Anonymous said...

Are you sure that inflection point isn't just puss under pressure?

Skeptical Scalpel said...

Kor, I agree that the gold standard for the diagnosis of appendicitis is the path report. Some of the RCTs relied on the clinical diagnosis of appendicitis only, not even a CT scan.

As far as the percent of laparoscopic appys done-- we're talking about simple appendicitis only, not complicated.

I think if Dr. Agus reads the meta-analysis I referred to in the post, he might not be so enthusiastic about treating appendicitis with antibiotics.

I might add that no surgeon is getting rich doing appendectomies. The reimbursement for the procedure is not that great. Maybe he should comment on oncologists who do 12-point reviews of systems, family histories and copy and paste most of the previous note in their charts every month.

artiger said...

Maybe Dr. Agus should focus his criticism on giving chemo until the patient is nothing but dust.

Since he threw out the terms stubborn and pigheaded, I'll throw one out to him...arrogant.

Skeptical Scalpel said...

No argument from me on your point.

William Reichert said...

You have to be understanding with Dr. Agnus. . Any oncologic treatment with a 70 % cure rate would be approved by the FDA faster than you can say '"BOARD CERTIFIED IN HEMATOLOGY AND ONCOLOGY". He is not a surgeon and ,hence, is unfamiliar with the concept of the goal of a complete cure.
Oncologists don't cure, they "manage". Seventy % is good enough for him.

Skeptical Scalpel said...

William, great points. The 70% solution.

Anonymous said...

Sometimes an outsider can really cast a new light on an old problem. This is obviously not such a case. In my general surgery rotation I did wonder why appendicitis is treated differently from diverticulitis. When I looked at recurrence I asked myself this: If I had acute appendicitis and was offered an appendectomy vs. antibiotics which would I choose and why? ... I would choose the appendectomy. Why? That recurrence might happen when I've got other stuff going on in my life. If I get appendicitis and have been sick and hospitalized I'd just as soon get the problem taken care of. What if it recurs when I am traveling internationally or on a backcountry trip? More than disrupting my schedule, that could be life-threatening. Wonder Dr. Scalpel's thoughts on how he'd decide on treatment if it were him.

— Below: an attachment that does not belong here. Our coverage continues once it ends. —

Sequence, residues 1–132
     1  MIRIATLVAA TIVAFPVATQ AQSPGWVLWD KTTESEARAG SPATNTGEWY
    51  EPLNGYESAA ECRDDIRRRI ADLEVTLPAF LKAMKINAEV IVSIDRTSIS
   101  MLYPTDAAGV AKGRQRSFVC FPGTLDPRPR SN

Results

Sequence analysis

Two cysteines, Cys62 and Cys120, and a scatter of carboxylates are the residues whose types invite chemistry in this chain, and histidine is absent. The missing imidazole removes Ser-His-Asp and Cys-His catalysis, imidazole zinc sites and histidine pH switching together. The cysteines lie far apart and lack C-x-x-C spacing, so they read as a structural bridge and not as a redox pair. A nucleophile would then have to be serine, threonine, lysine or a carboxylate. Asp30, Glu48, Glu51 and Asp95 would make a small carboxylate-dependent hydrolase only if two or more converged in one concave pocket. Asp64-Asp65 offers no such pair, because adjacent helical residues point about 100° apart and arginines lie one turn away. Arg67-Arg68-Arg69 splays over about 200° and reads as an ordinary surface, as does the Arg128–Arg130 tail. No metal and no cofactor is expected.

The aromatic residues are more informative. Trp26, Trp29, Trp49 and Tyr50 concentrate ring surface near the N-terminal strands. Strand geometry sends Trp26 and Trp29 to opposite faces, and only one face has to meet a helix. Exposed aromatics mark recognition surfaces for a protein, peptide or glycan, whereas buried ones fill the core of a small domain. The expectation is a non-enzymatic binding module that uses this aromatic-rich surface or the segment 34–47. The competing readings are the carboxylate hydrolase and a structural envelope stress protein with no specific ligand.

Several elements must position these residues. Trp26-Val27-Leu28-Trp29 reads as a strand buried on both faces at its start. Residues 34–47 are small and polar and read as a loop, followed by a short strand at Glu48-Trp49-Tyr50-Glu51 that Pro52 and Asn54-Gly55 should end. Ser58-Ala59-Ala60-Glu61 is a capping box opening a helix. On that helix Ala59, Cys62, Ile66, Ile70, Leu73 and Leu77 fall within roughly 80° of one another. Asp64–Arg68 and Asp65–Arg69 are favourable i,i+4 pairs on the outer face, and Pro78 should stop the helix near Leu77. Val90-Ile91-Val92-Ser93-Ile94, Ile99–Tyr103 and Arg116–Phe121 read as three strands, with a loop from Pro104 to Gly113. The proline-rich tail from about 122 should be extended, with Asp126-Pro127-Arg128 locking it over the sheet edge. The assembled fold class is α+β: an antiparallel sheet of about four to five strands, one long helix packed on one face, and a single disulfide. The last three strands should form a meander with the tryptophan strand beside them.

Skeptical Scalpel said...

For all the reasons you mentioned and more, I would have a laparoscopic appendectomy as soon as possible and not give my appendix another thought.

Korhomme said...

Anonymous: back in the day if you wanted to go to Antarctica as a scientist, you had your appendix removed as a precaution. And if you had a history of duodenal ulceration, you didn't get to be a submariner.

artiger said...

Anonymous at 4:23pm on 11/11, that is similar to some comments I have made to people with cholelithiasis who have intermittent flare ups. Do you want to get hit with "the big one" on your child's wedding day, or on a cruise, etc? Or would you like a trial of pancreatitis? Would you like to be one of the few open cholecystectomies still being done these days?

Usually that is all I have to say.

Skeptical Scalpel said...

I'd rather have it done at my convenience than at a random time of nature's choosing.

artiger said...

Congrats, Scalpel, this post made it to Doximity, and you were given credit for setting things straight.

Skeptical Scalpel said...

Artiger, I saw that. Doximity occasionally picks up a post of mine. Thanks.

Rugger said...

I guess this Oncologist, Dr. Agus, missed the part in school where sometimes appendicitis is caused by a cancer. I sure would hate to leave that behind. I almost exclusively will remove them for this reason. I have found over 15 carcinoids and a few adenocarcinomas...including one adenocarcinoma that I incidentally found in a 19 y/o trauma victim, where I removed the appendix, because I thought to myself "I don't want to go back in that belly in the future if she ever happens to get appendicitis. That trauma probably saved her life. I did go back in thought and remove right colon.

Skeptical Scalpel said...

Rugger, good point. The review I cited noted that 0.59% (5 of 843 patients) had tumors including 3 cancers, three neuroendocrine tumors, and one dysplastic adenoma.